Put 100 community program leaders in a room and ask them what their stakeholders most want from them – and “proof of community value” will be at the top of the list. It’s a rare organization that just “gets” that community is strategically important without numbers to back it up.
Communities need to define and measure value and then take the next step to translate that into a financial return on investment (ROI) if they expect to have continued investment from executives and stakeholders. Some community experts will say that you can’t calculate ROI and it doesn’t matter if their is a strong sense of community.
Try telling that to your CFO.
Besides being incorrect, this line of thinking hurts both community managers and their communities. Too few communities are measuring their value and ROI and, for better or worse, it is how organizations evaluate investments and opportunity. In a climate where executives are interested but wary, it’s a missed opportunity for engagement, support, and influence.
The SOCM 2017 research showed that most communities still struggle to translate the value they are seeing into financial terms. Only about a third of communities said they could measure community value, and only 1-in-10 said they could measure ROI on their own. Of those that can, though, a majority report positive financial returns – with returns as high as 10x, 20x or more in some cases.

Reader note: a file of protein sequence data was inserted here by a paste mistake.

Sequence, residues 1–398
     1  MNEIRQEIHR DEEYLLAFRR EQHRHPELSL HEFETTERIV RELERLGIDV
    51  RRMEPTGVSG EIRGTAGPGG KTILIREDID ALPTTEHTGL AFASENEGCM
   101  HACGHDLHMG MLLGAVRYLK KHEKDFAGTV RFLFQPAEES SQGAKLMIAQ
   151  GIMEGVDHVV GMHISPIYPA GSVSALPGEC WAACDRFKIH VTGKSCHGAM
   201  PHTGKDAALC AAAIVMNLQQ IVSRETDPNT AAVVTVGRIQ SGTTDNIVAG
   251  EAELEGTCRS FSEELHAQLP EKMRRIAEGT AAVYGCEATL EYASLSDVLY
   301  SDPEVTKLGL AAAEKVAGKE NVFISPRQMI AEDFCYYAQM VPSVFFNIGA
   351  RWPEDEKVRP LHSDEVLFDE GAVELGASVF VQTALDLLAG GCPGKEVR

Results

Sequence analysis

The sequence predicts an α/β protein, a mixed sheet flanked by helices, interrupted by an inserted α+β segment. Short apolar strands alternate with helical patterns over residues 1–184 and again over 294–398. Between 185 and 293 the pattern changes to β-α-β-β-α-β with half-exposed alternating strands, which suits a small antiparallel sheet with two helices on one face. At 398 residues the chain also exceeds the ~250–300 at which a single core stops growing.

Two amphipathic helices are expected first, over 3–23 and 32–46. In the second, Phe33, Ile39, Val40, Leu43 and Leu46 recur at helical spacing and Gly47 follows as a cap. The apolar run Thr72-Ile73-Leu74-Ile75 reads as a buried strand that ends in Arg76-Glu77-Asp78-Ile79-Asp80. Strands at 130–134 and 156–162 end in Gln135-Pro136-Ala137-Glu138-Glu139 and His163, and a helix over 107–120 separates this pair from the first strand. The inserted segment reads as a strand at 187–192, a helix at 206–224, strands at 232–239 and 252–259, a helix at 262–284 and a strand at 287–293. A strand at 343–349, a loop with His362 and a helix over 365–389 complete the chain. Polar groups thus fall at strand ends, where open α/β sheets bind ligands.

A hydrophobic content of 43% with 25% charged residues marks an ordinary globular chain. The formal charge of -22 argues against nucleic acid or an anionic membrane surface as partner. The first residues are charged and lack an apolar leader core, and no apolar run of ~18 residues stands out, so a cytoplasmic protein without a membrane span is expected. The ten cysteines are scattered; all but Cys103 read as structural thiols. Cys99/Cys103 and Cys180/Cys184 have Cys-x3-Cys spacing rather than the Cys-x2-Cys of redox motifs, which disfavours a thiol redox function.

For the first time ever we are offering our Strategic Community Workshop: Community Strategy, ROI, and Business Case as a facilitated and interactive online course. We’ve worked with some of the world’s most successful communities to drive their strategic vision – and help them calculate the value of their community in a way gets executive attention. Now you can join us for a six-week intensive course, where you’ll walk away with:
- a working community strategy
- a draft of your community business case
- an estimated ROI figure for your community
- a high-level roadmap for your community program
You’ll use these strategic assets to prove real community value, get stakeholder buy-in, and make the case for expanded community budgets. That’s a lot of value for six-hours of class time.